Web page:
I once again arrived in Boston on the red-eye, following my tried and true pattern of not allowing any extra time for nerves to set in.  A forecast of unseasonably warm weather led to advisories that only the most fit and acclimated runners should attempt to run this year’s marathon.  I thought back to my Seattle training runs in unseasonable winter weather of snow, more snow, ice and countless cold and rainy days.  Over 4200 people opted to give up on their goal and defer their qualification until next year.  To me, that’s like looking for a perfect marathon when no such animal exists.  Charity runners were advised not to run.  I had trained, I had persevered, and I had traveled across the country to run.  I was running faster and fleeter, but my mojo was still missing.  I marveled now with this third Boston visit I was feeling familiar, almost like some sort of veteran of an event I never imagined myself running.  What I did know, is that this was a test of embracing obstacles and overcoming them.  So, I along with 21,000 other runners elected to run, giving up any hope of a qualifying time in record heat, but running for the simple reason that we said we would.  The course temperature with the reflective heat off the asphalt was a sizzling 92 degrees.  Runners adjusted their plan or they risked not finishing or arriving in Boston in an EMT.  By mile eight I was certain that I would not be able to finish.  I was hot, fatigued, and could feel my body temperature getting to an uncomfortable level.  I recalled the advice of a friend and looked for ice on the course.  The Boston Marathon spectators are like none other and they were out in record numbers offering orange slices, extra water, encouragement and yes, ice.  As I ran, I held a handful of ice on the back of my neck, chewed ice cubes for distraction and hydration, and stuffed the remainder in my sports bra and under my hat.  Somehow that was enough to get me to the next mile, and the next mile, and eventually to the finish line.  Garden hoses sprayed us down as we slogged by.  The college crowds cheered us even more enthusiastically than usual.  And the drums were in full force as we ran up the Newton Hills ending with the legendary Heartbreak Hill challenging even the steeliest resolve.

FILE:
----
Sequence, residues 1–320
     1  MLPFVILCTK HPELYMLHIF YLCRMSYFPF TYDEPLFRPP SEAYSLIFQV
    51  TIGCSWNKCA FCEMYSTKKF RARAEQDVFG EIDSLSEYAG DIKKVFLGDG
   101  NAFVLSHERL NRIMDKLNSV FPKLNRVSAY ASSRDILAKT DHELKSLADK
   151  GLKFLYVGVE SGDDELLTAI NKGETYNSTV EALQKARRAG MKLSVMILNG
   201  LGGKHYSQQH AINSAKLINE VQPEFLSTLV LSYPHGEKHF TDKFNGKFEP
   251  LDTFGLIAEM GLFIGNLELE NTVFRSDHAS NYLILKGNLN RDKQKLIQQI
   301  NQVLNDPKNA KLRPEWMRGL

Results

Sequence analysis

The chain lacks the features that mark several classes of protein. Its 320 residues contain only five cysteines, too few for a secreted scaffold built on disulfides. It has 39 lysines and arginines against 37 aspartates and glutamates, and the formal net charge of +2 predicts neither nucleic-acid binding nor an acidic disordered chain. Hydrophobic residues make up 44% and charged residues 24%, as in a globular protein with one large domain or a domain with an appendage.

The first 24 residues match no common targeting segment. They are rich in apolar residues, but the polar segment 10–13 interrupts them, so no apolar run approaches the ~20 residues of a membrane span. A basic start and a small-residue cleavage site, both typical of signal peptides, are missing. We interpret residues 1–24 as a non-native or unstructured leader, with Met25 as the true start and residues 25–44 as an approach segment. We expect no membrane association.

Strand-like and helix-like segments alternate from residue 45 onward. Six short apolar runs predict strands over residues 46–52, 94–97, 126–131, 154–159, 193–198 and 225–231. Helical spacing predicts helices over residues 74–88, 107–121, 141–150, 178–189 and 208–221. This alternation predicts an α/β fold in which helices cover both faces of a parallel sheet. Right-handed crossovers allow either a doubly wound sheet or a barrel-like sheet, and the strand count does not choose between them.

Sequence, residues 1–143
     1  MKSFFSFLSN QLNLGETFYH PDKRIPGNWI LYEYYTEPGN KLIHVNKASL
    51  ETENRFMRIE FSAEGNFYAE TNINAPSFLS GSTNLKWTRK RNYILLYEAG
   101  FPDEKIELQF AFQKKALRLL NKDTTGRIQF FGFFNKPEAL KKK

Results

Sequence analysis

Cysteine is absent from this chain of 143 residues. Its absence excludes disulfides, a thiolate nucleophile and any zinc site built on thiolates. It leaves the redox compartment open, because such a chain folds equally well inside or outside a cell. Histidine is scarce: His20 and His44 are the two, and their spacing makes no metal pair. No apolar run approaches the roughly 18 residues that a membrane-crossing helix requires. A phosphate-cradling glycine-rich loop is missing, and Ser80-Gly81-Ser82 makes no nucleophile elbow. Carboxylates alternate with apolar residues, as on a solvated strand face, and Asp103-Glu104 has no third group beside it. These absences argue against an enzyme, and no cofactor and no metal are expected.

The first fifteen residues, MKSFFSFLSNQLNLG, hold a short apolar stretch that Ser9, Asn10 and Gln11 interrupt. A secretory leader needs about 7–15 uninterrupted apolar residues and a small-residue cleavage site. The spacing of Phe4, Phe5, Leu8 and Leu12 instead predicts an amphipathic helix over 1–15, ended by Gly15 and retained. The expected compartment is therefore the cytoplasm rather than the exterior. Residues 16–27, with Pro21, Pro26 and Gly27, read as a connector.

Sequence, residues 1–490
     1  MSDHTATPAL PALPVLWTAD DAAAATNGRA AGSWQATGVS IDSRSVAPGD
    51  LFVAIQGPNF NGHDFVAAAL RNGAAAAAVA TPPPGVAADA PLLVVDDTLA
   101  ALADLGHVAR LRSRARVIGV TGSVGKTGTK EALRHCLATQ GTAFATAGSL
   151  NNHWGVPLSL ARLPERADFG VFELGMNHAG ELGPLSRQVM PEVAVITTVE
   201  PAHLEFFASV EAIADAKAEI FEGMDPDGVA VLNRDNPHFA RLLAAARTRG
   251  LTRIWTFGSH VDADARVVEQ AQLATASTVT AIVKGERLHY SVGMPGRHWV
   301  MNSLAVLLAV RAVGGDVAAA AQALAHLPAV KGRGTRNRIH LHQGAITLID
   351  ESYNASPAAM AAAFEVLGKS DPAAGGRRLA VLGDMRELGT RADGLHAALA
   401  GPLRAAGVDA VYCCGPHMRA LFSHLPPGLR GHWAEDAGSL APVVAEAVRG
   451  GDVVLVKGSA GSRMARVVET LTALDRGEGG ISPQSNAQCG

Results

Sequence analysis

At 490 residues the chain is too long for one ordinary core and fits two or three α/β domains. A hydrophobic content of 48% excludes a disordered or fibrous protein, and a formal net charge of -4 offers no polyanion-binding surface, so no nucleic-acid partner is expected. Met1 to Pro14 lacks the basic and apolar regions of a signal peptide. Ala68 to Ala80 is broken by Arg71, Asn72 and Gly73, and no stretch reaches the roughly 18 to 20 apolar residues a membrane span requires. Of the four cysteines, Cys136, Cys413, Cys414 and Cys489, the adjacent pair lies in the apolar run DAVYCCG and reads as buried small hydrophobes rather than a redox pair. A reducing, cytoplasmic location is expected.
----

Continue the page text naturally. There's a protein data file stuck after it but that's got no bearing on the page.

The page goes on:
When you are fighting elements that you can’t control, you start looking for signs and symbols to give you the illusion that there are elements that you can.  As I ran up the first of the hills, I felt a slight cross breeze and I took it as a sign that I would make it.  As I ascended Heartbreak Hill, my playlist consisting of handpicked songs that reminded me that I might be a special person, even if I didn’t quite believe it myself.  Jason Mraz’s recent single “I Won’t Give Up” gave me the strength to crest the hill and feel a second wind as I allowed my legs and gravity to carry me down hill.  I continued to battle the course and the heat until I found myself three miles or 5K to the finish line.  My shoes and my legs looked as if they had been embalmed in paper mache from all the disintegrating water and Gatorade cups littered along the course.  I strained to hear the roar of the crowd near the finish line and I put my head down, knowing that my qualifying time had already passed but I had given everything to the course and I was prouder of this finish than any other. 

I looked up giving a thumbs up to the clicking cameras as I crossed the finish line.  My sports watch clocked 27 miles.  It must have been all my meandering from misting station to ice bucket to water station.  The course quickly turned into something resembling a triage scene with runner’s lying prone on the street, athletes being transported to the nearest medical tent in wheelchairs, and the siren of an ambulance blaring away.  I collected my medal, my recovery swag bag, and retrieved my gear bag from the transport buses.  I shuffled several blocks to Boston Commons, found a shady patch of grass and tried to take in what I had just accomplished.  I high-fived strangers, congratulated weary looking finishers who didn’t seem to realize they had overcome punishing obstacles.  I stepped outside my comfort zone and asked a stranger to snap my photo so I could remember that I had finished what I started and to remind me that I am stronger than I think.  I turned on my phone and let the congratulatory messages wash over me.  It was my own digital cheering section.  Slowly, I got to my feet, smiled at my pink shoes and tried not to think about how many flights of stairs or lost toenails were still ahead of me.